Lewis, who is also into gardening, fishing and mining among other things, cares for her home, her property and her husband, who is ambulatory but disabled. Lewis has always undertaken all her tasks with great aplomb and dedication. She is in the process of making corsages for the Black Powder Shooting event.
In the meantime, Lewis is busy, needlepointing whenever she can. She’s making 500 luggage tags, a favor which will be distributed at an Emblem Club reunion next year. Each American flag is done by needlepoint, a craft in which Lewis excels. She has already made some 270 and counting. The plastic-covered luggage tag flags are irresistible and everyone who sees them, wants one, including supervisor Ray Nutting,
“I’m a perfectionist,” Lewis admitted, which is why she is making 500 luggage tags almost all by herself. She wants them to be impeccable, so it is easier for her to accept very little help.
“I needlepoint while watching television, and I take my work with me wherever I go,” said Lewis joyfully.
Like all Roses and Rose candidates, Lewis’s beauty emanates from within. When one digs a little deeper into Lewis’ personality and history, it is even more amazing and filled with laughter.
“Growing up with four brothers, you learn to have a good sense of humor,” Lewis chuckled.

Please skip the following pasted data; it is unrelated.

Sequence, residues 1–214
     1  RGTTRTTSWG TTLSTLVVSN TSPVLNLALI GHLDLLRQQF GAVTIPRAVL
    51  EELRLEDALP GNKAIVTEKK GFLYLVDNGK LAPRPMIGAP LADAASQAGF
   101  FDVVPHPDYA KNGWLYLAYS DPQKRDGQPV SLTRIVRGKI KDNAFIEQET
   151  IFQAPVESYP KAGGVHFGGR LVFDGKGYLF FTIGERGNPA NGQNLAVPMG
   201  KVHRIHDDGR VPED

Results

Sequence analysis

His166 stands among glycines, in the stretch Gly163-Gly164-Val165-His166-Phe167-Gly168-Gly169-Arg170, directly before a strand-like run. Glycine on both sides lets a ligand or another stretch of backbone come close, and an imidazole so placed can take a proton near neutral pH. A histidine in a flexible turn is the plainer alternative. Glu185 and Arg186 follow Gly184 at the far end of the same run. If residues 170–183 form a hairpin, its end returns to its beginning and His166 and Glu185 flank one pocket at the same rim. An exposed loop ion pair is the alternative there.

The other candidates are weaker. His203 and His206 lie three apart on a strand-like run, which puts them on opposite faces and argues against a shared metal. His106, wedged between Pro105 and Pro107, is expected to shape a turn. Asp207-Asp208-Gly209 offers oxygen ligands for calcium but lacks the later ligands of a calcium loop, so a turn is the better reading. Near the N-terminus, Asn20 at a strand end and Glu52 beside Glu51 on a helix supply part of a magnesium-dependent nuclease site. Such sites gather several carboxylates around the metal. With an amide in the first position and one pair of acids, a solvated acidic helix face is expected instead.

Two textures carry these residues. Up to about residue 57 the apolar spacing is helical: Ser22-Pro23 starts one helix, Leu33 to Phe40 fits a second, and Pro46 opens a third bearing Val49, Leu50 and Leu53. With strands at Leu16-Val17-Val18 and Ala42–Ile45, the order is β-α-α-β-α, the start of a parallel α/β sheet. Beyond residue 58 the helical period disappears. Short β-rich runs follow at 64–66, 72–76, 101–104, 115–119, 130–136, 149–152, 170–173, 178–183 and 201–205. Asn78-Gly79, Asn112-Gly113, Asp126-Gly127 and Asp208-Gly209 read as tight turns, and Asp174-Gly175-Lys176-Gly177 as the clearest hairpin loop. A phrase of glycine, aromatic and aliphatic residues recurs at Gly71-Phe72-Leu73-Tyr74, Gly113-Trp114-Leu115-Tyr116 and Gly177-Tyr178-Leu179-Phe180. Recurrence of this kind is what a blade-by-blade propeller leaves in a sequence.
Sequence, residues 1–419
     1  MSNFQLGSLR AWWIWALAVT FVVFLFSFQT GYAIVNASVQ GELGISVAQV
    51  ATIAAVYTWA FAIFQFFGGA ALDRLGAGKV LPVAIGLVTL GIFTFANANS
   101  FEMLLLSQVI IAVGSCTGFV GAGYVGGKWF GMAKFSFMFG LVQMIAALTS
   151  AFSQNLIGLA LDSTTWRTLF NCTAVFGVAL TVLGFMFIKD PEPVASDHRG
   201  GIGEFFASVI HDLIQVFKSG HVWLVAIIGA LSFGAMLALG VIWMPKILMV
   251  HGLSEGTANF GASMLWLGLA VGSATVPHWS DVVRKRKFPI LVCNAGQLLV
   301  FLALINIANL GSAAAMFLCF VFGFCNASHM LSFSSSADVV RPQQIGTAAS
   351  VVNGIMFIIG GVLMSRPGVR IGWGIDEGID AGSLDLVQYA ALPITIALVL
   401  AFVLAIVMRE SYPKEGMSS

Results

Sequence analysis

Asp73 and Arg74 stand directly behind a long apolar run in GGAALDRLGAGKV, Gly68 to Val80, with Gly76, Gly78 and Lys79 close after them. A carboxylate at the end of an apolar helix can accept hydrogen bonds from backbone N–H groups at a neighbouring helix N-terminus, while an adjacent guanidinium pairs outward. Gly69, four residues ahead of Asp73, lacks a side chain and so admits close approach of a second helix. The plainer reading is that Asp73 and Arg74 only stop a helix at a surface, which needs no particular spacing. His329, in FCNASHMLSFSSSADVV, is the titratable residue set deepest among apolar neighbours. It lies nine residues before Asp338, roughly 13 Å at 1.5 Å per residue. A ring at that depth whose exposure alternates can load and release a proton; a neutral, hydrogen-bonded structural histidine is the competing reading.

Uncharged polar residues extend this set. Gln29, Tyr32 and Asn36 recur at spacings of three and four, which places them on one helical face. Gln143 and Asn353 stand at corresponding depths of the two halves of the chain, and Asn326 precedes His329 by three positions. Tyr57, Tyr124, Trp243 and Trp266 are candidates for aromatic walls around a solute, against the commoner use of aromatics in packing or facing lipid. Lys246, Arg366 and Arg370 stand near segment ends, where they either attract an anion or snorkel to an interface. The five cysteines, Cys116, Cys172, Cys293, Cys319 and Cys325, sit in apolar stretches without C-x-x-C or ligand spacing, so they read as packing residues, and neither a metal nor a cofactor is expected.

After an early first marriage which brought Lewis to the Bay Area, Lewis swore that she would never marry again.
But she met her second husband in a singles bowling league. Married for some 16 years before he died at age 51, Lewis never regretted it. Besides, he introduced her to motorcycles and the American Legion.
They had wanted to nominate Lewis before, but she was still taking care of her youngest son, who passed away two years ago at age 46.
“He was in pain all the time,” Lewis said compassionately. For 10 years, she was his caretaker, a duty she undertook with love and without complaint.
Among myriad activities, Lewis is on the Emblem Club’s Scholarship Committee, and is back to being chairman of the See’s Candy fundraiser. The Emblem Club helps the Elks Club on its major project, the acquisition of vehicles that provide transportation for the handicapped and disabled to doctor’s appointments, etc.
Club activities keep Lewis quite busy but it doesn’t deter her from pursuing her gold mining and opal mining hobbies.
This 5 foot 3 inch gray-haired grandma is a force to be reckoned with. She looks for gold on the Middle Fork of the Cosumnes River and the opal claim is in Northern Nevada.
The season starts in late spring, and opal miners are taken to a site near the Oregon border, and adventure she shared with her late son Robert.
“For $500, you basically get a pile of dirt,” Lewis explained. “Then you go through this mountain of dirt looking for the opals.”
Some opals are clear and some are black. They are actually a silicate that replaces wood in a burned out forest, Lewis clarified. The first opal Lewis uncovered in her pile is worth many, many times her original investment.
But this girl who lived off the land as a child, even without electricity in Wyoming, doesn’t seem to focus on money or prestige.
With Lewis, it all seems to be about hard work, responsibility, fun and love. As a member of the Rose Court, or as El Dorado Rose, Lewis will continue to shine inside and out, reflecting joy in her abundant laughter.
Her value is not hidden in the burned out embers and sediment of the forest primeval like the opals she seeks. With Lewis, what you see is what you get and it’s radiant.